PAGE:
Quizzes and nuance

|

I started to take a "Test Your Faith" quiz posted on the NPR web site that is supposed to measure how much of a doubter your are, but I found the categories and assumptions that lie behind those questions too difficult for me to relate to.

The first question, for example, asks: "Do you believe that a particular religious tradition holds accurate knowledge of the ultimate nature of reality and the purpose of human life?" To which I can only respond with questions of my own, such as: what is meant by "accurate knowledge"? Is a glimpse into some aspect of the ultimate reality the same as accurate knowledge? If two blind men have accurate knowledge of some part of an elephant, are they both right? Are they both wrong?

The second question asks, "Do you believe that some thinking being consciously made the universe?" I may not be very knowledgeable about Tillich, but even I can see a problem with that question right off the bat, since I for one don't think of God as "a" being. If I think that God as a concept belongs to a different ontological category than you or I, then the assumption behind this question falls apart, as far as I'm concerned. I notice that a lot of argumentative atheists often dismissively refer to God as "a" being whose existence cannot be proven, and I always feel that they are missing the point when they put it that way.

Question 3 asks, "Is there an identifiable force coursing through the universe, holding it together, or uniting all life-forms?" What do they mean by "force"? For example, is a creative principle the same as a force?

Question 4 asks, "Could prayer be in any way effective, that is, do you believe that such a being or force (as posited above) could ever be responsive to your thoughts or words?" Since I couldn't even accept the premises behind the earlier "being" or "force" questions, that makes things a bit difficult, and furthermore, what does the question mean by "effective" and "responsive"? Setting that objection aside, there seems to be a hidden assumption that this posited "being " or "force" might "respond" in some coercive fashion, by effecting some result that one asked for through the exercise of its power. But "response" can mean many things; after all, if I tell a friend about a tragic event in my life, my friend might respond by crying. A sympathetic response is a response, after all.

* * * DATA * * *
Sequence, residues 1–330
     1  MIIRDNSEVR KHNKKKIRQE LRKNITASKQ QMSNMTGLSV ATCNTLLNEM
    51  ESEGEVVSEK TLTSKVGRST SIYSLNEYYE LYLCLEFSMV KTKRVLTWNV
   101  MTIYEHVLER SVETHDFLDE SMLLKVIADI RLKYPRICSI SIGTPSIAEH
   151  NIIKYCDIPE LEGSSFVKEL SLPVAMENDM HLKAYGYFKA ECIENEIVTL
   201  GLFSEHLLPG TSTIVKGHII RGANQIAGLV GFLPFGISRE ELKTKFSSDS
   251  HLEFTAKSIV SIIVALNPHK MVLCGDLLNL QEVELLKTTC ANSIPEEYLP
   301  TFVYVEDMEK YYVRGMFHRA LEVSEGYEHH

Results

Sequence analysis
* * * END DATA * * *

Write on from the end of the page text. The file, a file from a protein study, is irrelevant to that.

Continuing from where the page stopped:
Question 12 asks "Do you believe that the world is not completely knowable by science?" Again, the question I have is, what do you mean by "knowable"?

Question 13 asks, "If someone were to say "The universe is nothing but an accidental pile of stuff, jostling around with no rhyme nor reason, and all life on earth is but a tiny, utterly inconsequential speck of nothing, in a corner of space, existing in the blink of an eye never to be judged, noticed, or remembered," would you say, "Now that's going a bit far, that's a bit wrongheaded?" I wouldn't say "wrongheaded". I can understand why people might feel that way, and I sometimes feel that way myself. That being said, I generally don't see the universe that way.

5 comments:

CT said...

I'm in trouble
Only 2 Yes and 2 not sure. And 9 'No's.

But thanks for the link. I always like questionairres

Beliefnet has a better one at http://www.beliefnet.com/Entertainment/Quizzes/BeliefOMatic.aspx

John Shuck said...

I am thinking that there is no way to ask these kinds of questions that won't raise legitimate objections to how words are used and defined.

Oops. What do I mean by "legitimate?"

: )

I think you raise good objections. I answered them anyway making my own assumptions as to what the words mean and came up with all nos, a maybe, and a yes.

BTW, I really enjoy Jennifer Michael Hecht's book, Doubt: A History (whence the questions came).

CT said...

I've been thinking about this Mystical and I reckon you can provide answers to those questions. While the terminology is filled with ambiguity, we (people who think about such matters) usually have a pretty good grasp of what the author is asking. They are referring to the traditional concept of God.

Q1 - Is there an ultimate truth and if so is there a religious tradition that encapsulates it. ( I felt that Christ does embody it - so yes for me)

Q2 - Did something consciously make the Universe ? Was a conscious decision - " I am going to make a Universe" - made by anyone, anything at any stage ? (Not Sure for me)

Q3 - Is there anything uniting or guiding our Universe - beyond the material ? I'd say your answer is a definite YES.

Q4 - If you pray , does your God respond with an action that impacts anything in our world ? ( No for me. )

Q13 - You have answered - generally you dont agree with it. Thats a YES.

Mystical Seeker said...

CT, I think the phrase "with an action that has an impact on the world" in Q4 is an interesting qualifier to the question. I think that praying has an impact on the prayer, and I think that praying has an impact on God; but the idea that praying inspires God to make an impact on the world that he/she would otherwise not have made is problematic. So I think my answer there is "no" if you add that additional phrase to the question.

Mystical Seeker said...

John, I should have given a hat tip to you for pointing out this quiz.